·        Don’t talk about what you’re going to write. Our brains are pretty primitive when it comes a lot of things, and telling someone what you are going to write can be enough to not make your brain want to tell it again. Your brain rewards you by making new connections, and if you reward yourself by telling someone what’s going to happen, it’s not going to reward you again by retelling it on the page.  

Writing emotionally moving work is hard to do, and prose that does not reward the reader emotionally is not going to help the telling of your story. I wrote The Care and Feeding of Sex Demons in two weeks. I had written what is now the prequel to the story five years ago and had all of that time to think about what I was going to do. Actually writing it was the easiest part. The rewriting is where the real gold is, and that took much longer to do than just writing down the first draft. 
I know the need for feedback is a desperate feeling, so it’s not lightly that I make this final suggestion. Do not let anyone read the story until you’ve gone back and rewritten the book. Streamline the plot from start to finish. Murder your darlings gets tossed around so often you forget that it’s not murder the bad stuff or murder the stuff you don’t care so much about. When you go back to edit, take a hard look at each and every one of your scenes. If they do not carry the plot of your story forward, cut it. Even if it’s funny, even if it’s cute, delete it. If it doesn’t have anything to do with the plot of your novel, it has no point and your story will be better without it. You can add stuff in to make it important or paste the best line in elsewhere.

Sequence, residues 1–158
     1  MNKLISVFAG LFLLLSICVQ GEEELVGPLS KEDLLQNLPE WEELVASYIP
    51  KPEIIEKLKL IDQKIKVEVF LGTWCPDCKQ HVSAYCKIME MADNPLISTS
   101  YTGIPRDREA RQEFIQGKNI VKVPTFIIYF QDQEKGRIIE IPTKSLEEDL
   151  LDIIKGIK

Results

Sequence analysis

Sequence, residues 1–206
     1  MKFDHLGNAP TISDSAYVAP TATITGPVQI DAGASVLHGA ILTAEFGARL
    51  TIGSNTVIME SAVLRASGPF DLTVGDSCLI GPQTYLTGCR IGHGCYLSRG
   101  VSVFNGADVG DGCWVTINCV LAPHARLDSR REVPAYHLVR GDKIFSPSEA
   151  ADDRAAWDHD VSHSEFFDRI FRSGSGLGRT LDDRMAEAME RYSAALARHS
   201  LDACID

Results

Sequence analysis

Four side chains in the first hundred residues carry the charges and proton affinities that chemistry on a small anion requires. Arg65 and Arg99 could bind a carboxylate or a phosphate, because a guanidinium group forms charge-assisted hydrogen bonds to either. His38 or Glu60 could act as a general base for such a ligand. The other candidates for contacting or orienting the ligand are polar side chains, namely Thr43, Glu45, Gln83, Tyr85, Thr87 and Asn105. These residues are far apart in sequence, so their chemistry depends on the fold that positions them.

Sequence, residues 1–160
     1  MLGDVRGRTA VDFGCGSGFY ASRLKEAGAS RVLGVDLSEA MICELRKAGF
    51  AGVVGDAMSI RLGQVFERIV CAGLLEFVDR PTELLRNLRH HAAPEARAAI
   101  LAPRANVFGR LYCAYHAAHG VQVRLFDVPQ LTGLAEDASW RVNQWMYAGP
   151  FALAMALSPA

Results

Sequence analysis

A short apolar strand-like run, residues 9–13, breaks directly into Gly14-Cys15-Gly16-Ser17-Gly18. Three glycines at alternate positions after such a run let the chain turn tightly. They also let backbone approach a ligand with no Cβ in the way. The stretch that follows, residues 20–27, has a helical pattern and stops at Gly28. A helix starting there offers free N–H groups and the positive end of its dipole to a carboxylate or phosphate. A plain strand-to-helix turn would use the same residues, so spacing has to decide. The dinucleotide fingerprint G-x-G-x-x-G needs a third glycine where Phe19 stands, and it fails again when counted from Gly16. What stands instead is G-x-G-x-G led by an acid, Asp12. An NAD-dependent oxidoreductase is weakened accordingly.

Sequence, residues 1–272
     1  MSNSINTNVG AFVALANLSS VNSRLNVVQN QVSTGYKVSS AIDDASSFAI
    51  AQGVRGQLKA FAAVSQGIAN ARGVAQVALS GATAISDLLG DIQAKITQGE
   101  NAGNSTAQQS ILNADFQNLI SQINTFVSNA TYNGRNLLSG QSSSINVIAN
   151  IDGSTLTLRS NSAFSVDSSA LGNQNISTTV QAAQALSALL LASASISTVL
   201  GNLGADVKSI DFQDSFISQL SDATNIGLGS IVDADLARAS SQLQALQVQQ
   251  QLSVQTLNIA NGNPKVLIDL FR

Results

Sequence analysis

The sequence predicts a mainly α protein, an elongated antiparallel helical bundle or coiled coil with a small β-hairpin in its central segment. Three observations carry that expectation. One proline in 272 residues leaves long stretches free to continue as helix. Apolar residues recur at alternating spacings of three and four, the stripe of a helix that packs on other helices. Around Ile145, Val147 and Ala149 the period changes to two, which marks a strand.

Once the book hits the reader, they don’t care if the book took two weeks or a lifetime. It really doesn’t matter how quickly the first draft was written in. The true goal is telling a fascinating tale from start to finish.

About the Author:

Angela Fiddler wrote her first erotic novel as a birthday present to a friend who had requested kneeling and vampires.  While the vampires come and go in the story, the kneeling remains.  Angela likes smut, dark humor and stories that mix erotica with raw emotion.  She talks about writing and her characters at www.angelafiddler.com

Her latest book is the paranormal erotica, The Care and Feeding of Sex Demons.

Connect & Socialize with Angela!

The Care and Feeding of Sex Demons

Author: Angela Fiddler
Publisher: Loose Id
Pages: 180
Language: English
Genre: Paranormal Erotica
Format: eBook

About the Book:

Keeping a sex demon happy and sexually satisfied is always the safest option, even if Cy has his own relationship issues. When saving the world on a regular basis, a happy home is important, especially when mixing human, fae princes and a starving sex demon.

Purchase your copy at AMAZON

Discuss this book in our PUYB Virtual Book Club at Goodreads by clicking HERE